Organisers say Women’s Tour of Scotland could become five-stage race

Leah Thomas cycles to victory in the Women's Tour of Scotland. Picture: Ian Georgeson
Leah Thomas cycles to victory in the Women's Tour of Scotland. Picture: Ian Georgeson
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Organisers of the groundbreaking Women’s Tour of Scotland have not been put off by the notoriously fickle nature of Scottish summer weather and are determined to build the event into a major one of the cycling calendar.

After the first-day abandonment on Friday, there were more miserable conditions yesterday but not bad enough to prevent the “third” (technically second) and final stage going ahead, starting and finishing in Edinburgh’s Holyrood Park via the Borders. Both yesterday’s race and the overall winning yellow jersey went to Leah Thomas of the United States, who burst through over the finish line, five seconds ahead of second-stage winner Alison Jackson of Canada and taking the win bonus to secure her place at the top of the podium.

A small but enthusiastic band of cycling fans greeted the riders home in teeming rain to witness the Californian become the first to win a UK female road race with prize-money parity of an equivalent men’s race, with a total pot of €50,400 (£47,400).

Darren Clayton, the managing director of the Women’s Tour of Scotland, said: “There’s a lot we can take from this, a lot of feedback.

“There are things we want to get right but we’ll learn from this and grow. We’ve had some really positive feedback from the riders. We had a good crowd out at the start but weather has played a small part.

“The next natural step would be to go to a five-day race, be part of the World Tour, live TV coverage. We want to keep raising the bar in terms of the prize fund. We’re at €50,000. Can we make this the richest event in the world? That’s our goal. We want to take it around Scotland. Go up north. We have some big aspirations for this. We’ve already had conversations about the cities we’d like to go to.”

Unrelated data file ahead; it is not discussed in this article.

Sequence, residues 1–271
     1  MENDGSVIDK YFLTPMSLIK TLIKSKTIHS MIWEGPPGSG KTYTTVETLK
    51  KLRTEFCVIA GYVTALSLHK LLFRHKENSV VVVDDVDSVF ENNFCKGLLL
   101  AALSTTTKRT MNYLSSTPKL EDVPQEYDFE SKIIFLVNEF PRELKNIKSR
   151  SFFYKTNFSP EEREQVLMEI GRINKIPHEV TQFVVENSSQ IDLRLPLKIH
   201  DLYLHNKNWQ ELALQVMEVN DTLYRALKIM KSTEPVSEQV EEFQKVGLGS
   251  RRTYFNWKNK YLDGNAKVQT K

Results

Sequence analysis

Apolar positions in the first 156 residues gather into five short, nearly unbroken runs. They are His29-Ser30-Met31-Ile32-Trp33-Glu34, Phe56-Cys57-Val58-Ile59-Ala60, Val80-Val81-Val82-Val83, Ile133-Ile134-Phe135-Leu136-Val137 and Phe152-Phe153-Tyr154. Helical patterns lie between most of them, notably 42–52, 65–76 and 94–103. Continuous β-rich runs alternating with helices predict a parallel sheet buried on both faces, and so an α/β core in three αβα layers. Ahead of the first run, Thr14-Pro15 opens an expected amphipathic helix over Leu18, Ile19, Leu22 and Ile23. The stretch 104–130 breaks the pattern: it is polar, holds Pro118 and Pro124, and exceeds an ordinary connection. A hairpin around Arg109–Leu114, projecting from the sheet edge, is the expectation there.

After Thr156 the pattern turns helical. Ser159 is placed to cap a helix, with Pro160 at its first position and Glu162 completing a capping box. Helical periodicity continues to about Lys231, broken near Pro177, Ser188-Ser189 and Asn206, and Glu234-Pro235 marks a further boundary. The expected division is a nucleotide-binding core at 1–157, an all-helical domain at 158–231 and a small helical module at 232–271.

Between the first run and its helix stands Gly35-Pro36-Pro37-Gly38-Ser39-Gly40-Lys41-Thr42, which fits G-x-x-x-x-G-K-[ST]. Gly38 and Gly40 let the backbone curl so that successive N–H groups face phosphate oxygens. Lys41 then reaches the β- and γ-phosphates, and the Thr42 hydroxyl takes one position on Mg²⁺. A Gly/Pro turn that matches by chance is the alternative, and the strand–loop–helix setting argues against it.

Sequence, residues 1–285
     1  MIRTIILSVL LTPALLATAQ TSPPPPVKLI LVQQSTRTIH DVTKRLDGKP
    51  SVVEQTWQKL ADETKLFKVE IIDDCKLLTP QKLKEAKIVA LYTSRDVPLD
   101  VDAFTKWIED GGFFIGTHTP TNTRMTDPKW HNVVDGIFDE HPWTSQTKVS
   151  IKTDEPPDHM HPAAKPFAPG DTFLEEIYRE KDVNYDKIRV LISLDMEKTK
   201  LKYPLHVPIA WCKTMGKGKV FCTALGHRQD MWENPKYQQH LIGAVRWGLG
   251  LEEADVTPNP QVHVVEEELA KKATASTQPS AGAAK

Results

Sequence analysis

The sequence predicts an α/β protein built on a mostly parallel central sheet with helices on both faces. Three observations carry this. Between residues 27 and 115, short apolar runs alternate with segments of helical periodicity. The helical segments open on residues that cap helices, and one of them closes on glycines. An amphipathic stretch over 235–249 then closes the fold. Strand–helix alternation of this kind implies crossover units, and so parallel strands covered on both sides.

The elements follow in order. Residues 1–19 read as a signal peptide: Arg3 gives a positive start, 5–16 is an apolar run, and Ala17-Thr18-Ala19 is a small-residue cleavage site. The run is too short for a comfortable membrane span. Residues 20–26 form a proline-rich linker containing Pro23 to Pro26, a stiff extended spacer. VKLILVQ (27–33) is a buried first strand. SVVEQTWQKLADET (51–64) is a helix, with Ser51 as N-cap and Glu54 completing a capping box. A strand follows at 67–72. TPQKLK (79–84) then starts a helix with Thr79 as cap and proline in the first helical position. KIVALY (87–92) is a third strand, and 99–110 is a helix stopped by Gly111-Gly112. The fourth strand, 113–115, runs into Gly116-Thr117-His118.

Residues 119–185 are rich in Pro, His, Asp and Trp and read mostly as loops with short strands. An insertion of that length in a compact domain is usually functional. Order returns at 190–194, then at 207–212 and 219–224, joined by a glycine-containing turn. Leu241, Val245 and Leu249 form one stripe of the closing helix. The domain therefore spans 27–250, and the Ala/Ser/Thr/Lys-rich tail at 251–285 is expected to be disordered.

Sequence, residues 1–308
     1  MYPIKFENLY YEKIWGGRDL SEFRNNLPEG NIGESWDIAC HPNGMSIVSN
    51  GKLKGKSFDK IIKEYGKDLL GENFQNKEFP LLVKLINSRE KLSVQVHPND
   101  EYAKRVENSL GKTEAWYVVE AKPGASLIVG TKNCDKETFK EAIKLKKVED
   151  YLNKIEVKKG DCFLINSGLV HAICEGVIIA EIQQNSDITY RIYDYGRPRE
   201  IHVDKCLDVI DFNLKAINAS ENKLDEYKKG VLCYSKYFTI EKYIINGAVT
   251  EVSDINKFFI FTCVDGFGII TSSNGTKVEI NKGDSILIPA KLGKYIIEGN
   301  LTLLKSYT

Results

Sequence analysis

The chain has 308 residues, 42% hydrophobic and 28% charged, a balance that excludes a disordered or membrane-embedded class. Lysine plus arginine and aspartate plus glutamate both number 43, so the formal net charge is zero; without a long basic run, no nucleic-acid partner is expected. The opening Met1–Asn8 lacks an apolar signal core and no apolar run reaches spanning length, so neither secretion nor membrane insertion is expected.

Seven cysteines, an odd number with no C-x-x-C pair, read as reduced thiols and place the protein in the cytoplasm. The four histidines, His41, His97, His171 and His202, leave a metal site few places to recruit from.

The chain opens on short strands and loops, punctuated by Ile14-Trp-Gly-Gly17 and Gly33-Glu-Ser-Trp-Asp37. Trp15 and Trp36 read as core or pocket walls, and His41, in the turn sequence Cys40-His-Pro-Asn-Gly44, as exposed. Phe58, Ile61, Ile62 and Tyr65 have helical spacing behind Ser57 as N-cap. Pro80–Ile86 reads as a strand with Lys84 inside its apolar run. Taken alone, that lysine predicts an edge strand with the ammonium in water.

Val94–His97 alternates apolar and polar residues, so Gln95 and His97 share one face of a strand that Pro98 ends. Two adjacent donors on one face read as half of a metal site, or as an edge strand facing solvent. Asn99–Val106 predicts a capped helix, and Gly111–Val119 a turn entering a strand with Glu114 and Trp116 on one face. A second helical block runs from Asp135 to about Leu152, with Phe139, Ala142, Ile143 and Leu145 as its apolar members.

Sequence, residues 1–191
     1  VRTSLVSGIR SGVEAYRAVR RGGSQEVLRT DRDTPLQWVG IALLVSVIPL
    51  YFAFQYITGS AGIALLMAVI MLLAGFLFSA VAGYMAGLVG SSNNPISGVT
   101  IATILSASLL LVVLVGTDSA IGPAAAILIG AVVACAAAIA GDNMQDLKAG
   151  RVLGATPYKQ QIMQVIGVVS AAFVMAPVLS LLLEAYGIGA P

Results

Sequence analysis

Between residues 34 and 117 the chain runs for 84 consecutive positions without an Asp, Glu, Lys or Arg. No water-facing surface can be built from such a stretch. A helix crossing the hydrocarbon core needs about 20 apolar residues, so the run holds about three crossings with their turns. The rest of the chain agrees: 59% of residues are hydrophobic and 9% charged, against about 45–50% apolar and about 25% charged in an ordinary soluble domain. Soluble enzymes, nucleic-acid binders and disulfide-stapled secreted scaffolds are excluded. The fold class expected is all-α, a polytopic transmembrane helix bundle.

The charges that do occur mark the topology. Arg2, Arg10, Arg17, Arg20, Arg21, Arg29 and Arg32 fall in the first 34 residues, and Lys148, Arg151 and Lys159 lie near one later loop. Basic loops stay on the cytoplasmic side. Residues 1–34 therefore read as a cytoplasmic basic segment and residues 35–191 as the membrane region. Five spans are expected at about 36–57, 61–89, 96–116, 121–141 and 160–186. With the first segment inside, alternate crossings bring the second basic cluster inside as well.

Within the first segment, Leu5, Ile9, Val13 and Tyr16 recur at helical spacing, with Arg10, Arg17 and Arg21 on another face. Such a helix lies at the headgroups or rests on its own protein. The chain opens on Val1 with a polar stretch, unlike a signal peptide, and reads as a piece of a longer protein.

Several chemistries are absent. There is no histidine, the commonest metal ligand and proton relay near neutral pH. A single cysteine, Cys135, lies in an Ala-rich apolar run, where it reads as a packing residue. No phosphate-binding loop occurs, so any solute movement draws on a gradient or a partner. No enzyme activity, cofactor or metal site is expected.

Clayton revealed that plans were advanced for another three-stage race next year, a bit later in the summer because of the Olympic Games in Tokyo.

The poster girl for this year’s inaugural event was Scotland’s Olympic track gold medallist Katie Archibald but, not currently in road racing shape, her involvement was more to show her support to the event and she finished 54th in the general classification.

The Milngavie hometown of Archibald and her Commonwealth Games medallist brother John was done proud by hotly-tipped teenage junior Anna Shackley, who was the highest placed Scot, finishing 13th in both the stage and the overall standings.

“It was a really good experience because it’s my first UCI event and it went better than expected,” said the promising junior. “I learnt so much about riding as part of a team which I’d never done before. But I prefer roads to the track anyway because it’s more interesting. It’s been a good event. I hope it gets harder and harder every
year with more people. And hillier as well!”

As with the second stage from Glasgow to Perth on Saturday there were attacks from the off after the race set off from Holyrood Park at 10.30am yesterday morning.

Stage two winner Jackson’s second place in the second intermediate sprint at Bonnyrigg boosted her cause as she opened a six-second cushion. But the Bigla team of pre-race favourite Thomas got their tactics spot on in the approach to the capital and then the three-lap circuit around Arthur’s Seat to propel the 30-year-old from just outside San Francisco to glory. Bigla team-mate Elise Chabbey finished second, with Stine Borgli of Norway taking third in the stage and GC behind 
second-placed Jackson.

The Californian said she hadn’t been too bothered by the bleak weather conditions.

“Any time it’s wet and cold, it’s tough, but I enjoy the rain,” she said. “Back home, I’m the one who is always out in cold weather and I think that actually gives our team an advantage and it gave me an advantage today. There was one puddle we went through that was so deep that you tried to pedal and came to a stop or times when you got a huge tidal wave of water from the vehicles.

“There were definitely some epic moments but luckily the roads were safe enough.”

The champion added: “It’s amazing for Tour of Scotland to recognise [women’s cycling] and compensate us for that. It makes a big difference.”